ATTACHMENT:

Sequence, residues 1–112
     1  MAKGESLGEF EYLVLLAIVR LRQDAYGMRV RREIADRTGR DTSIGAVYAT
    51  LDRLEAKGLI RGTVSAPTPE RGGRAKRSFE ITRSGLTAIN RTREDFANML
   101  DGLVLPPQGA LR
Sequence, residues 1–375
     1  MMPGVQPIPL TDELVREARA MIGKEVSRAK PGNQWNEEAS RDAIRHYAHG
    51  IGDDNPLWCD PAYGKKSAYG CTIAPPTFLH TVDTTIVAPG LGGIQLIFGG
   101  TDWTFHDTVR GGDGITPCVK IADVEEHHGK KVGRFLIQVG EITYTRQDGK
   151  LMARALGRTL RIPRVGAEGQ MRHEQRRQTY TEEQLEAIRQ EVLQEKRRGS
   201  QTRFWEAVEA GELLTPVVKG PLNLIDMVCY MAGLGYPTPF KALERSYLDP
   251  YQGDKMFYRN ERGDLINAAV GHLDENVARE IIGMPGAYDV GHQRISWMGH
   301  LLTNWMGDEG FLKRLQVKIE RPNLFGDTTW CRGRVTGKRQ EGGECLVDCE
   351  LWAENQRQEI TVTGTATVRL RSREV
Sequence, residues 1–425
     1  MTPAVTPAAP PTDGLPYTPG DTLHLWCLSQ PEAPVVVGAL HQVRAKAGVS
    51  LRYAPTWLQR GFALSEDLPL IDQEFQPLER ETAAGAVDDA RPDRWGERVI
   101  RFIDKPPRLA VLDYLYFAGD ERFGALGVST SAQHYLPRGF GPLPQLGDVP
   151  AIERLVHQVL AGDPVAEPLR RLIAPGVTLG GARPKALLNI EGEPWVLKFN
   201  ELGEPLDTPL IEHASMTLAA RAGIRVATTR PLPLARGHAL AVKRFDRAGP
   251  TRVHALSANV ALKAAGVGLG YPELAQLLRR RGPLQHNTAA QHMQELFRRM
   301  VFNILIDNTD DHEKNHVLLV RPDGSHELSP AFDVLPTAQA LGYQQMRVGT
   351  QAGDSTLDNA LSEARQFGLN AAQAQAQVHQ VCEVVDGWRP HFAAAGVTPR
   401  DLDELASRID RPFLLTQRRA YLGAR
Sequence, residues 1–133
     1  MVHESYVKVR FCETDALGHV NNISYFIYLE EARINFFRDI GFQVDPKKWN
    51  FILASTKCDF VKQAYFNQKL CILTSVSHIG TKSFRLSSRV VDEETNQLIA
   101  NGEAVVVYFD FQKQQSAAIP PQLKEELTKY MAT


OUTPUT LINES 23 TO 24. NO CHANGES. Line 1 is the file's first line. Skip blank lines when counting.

   401  DLDELASRID RPFLLTQRRA YLGAR
Sequence, residues 1–133